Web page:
I have completed two years with Cards Inc. and I feel like my actions as an employee have benefited the company and me. My greatest accomplishment to date is my surpassing of last year's sales goals. At the beginning of the year, I wanted to increase my monthly sales record by 5%. I'm happy to say that I have increased my monthly sales by 13% and I have also reduced the wait time for clients by 5 minutes. My focus on customer service, and my ability to work under pressure, helped me achieve these goals.

At the beginning of the year, the company challenged my team to get clients to fill out feedback cards. Our original goal was to get 100 people to fill out feedback cards every month. I am happy to say that, on average, my team is getting over 130 people to fill out these cards every month. I think my dedication to the company and my ingenuity helped me reach these numbers.

In July, I had a tough issue with a customer that became a great learning opportunity. Her order was late and we overcharged her. After I heard her explanation, I apologised immediately for the delay and the way we handled it. I then realised the reason for the overcharge was a mistake on our part and I gave her a discount on future business to apologise for the late delivery. To avoid future problems like this, I began implementing a weekly client check-in so I could prevent the issues from happening again.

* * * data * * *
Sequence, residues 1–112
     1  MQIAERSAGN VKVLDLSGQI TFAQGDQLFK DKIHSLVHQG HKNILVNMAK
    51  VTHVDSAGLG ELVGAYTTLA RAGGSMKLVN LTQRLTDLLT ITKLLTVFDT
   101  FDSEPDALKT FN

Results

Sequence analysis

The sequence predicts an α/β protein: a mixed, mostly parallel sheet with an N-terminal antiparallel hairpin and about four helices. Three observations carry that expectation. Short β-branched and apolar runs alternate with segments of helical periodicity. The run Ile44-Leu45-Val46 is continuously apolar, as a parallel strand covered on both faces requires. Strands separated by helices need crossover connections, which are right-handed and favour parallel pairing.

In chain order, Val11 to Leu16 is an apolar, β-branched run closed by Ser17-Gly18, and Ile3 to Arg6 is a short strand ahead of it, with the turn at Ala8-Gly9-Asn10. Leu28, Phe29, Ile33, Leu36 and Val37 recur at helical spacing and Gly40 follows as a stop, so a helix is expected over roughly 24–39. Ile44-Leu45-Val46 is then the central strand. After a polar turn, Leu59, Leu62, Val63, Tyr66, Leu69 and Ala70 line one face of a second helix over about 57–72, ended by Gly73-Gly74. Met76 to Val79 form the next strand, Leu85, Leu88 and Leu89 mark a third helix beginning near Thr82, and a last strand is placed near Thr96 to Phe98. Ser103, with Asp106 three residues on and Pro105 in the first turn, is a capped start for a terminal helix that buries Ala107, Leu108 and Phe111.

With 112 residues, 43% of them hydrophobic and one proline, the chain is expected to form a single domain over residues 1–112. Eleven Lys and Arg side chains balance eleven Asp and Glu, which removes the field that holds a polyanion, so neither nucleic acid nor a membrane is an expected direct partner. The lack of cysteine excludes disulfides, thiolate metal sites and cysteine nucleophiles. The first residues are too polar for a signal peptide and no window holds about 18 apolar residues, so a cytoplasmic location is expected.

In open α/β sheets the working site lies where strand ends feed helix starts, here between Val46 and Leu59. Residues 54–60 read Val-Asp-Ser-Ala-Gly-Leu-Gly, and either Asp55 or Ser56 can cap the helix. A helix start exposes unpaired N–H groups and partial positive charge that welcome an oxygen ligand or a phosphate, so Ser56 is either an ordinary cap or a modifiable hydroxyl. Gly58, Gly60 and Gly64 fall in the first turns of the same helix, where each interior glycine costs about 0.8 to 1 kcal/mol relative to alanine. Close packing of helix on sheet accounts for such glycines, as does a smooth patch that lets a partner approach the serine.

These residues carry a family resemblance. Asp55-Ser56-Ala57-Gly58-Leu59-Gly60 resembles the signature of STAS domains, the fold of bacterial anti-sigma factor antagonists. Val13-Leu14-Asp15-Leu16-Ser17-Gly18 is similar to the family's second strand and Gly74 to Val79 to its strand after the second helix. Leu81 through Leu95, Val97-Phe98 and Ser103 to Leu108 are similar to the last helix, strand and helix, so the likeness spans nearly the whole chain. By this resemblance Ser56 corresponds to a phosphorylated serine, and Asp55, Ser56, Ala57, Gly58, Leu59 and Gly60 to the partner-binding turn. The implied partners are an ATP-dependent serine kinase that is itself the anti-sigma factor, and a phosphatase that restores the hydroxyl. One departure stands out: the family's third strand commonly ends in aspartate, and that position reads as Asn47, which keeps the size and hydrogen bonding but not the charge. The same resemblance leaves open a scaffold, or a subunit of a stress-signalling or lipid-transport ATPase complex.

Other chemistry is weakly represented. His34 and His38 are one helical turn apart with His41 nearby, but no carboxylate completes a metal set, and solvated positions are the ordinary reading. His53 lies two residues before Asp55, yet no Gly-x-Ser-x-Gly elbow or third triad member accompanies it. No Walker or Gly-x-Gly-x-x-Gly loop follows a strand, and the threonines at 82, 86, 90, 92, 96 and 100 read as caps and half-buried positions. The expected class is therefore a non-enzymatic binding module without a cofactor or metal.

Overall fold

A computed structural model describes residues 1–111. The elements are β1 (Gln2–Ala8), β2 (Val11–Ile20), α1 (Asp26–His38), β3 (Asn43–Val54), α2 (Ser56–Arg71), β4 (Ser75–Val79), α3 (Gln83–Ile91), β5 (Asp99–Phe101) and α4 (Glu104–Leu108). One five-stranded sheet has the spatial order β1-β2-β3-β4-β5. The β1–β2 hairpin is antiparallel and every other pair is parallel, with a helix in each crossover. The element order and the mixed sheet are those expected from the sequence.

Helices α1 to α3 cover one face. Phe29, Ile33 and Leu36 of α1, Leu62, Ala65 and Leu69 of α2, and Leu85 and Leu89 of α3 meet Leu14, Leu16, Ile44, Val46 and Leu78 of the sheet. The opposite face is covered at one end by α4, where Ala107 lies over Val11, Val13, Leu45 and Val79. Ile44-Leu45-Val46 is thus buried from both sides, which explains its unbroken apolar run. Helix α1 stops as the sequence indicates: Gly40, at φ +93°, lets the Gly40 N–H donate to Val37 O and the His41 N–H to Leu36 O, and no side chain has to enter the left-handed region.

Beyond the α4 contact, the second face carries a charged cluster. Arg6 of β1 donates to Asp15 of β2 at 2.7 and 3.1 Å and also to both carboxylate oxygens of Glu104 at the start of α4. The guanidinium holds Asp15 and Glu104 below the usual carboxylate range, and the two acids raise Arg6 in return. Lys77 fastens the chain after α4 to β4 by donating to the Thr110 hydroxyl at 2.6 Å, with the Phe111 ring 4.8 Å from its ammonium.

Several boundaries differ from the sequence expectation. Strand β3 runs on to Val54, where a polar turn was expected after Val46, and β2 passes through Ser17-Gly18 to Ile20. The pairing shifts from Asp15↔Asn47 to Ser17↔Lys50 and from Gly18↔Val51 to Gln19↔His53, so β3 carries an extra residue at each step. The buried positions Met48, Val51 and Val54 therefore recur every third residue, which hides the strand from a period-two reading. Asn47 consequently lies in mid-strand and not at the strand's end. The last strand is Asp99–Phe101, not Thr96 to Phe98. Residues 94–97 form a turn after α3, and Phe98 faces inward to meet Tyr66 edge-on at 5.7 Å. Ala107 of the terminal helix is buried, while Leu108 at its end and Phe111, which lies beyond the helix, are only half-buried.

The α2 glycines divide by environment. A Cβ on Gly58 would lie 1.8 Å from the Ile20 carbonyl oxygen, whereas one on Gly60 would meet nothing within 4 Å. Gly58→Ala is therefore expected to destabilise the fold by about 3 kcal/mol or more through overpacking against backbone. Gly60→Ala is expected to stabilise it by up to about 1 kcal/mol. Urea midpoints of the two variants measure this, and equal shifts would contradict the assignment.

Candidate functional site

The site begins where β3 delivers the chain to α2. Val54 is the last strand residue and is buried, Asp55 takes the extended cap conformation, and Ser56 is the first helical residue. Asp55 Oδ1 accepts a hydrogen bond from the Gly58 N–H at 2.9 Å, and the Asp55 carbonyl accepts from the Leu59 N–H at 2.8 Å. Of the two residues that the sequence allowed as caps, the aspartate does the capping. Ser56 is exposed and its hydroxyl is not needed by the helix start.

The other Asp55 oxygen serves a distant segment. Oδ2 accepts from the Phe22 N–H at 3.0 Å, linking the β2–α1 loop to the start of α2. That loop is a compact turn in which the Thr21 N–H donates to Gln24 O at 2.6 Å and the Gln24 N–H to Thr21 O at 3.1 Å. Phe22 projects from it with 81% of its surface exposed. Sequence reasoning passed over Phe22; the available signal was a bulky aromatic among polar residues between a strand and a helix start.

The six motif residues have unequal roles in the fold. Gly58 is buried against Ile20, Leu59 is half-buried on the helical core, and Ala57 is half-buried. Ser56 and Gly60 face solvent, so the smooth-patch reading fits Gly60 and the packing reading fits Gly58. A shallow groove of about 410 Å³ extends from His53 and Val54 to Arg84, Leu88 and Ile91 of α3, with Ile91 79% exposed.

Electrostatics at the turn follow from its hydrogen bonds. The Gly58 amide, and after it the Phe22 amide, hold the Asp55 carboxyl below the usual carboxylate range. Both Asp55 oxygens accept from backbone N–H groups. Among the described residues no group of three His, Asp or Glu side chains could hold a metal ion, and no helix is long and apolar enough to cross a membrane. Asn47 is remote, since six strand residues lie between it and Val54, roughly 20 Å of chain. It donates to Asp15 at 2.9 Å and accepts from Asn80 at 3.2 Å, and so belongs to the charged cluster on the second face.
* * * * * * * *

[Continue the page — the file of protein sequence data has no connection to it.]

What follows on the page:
In the near future, I plan to improve my language skills by taking advantage of the company's language acquisition program. I feel that learning conversational French will really help me connect with more of my French-speaking customers.

I believe in teamwork and cooperation with other employees in the workplace. I show this by listening to the opinions of others respectfully. When disagreements arise, I try not to be an obstacle but a mediator.

I value respect and clarity between colleagues at Cards Inc. I believe in transparent communication between employees and management and welcome feedback on my work performance and my teamwork in the office. I feel well-suited to represent the values held by Cards Inc. by listening to clients and customers and trying to work things out when conflicts arise.

I am extremely excited to continue my work at Cards Inc. and looking for fresh ways to help the company succeed.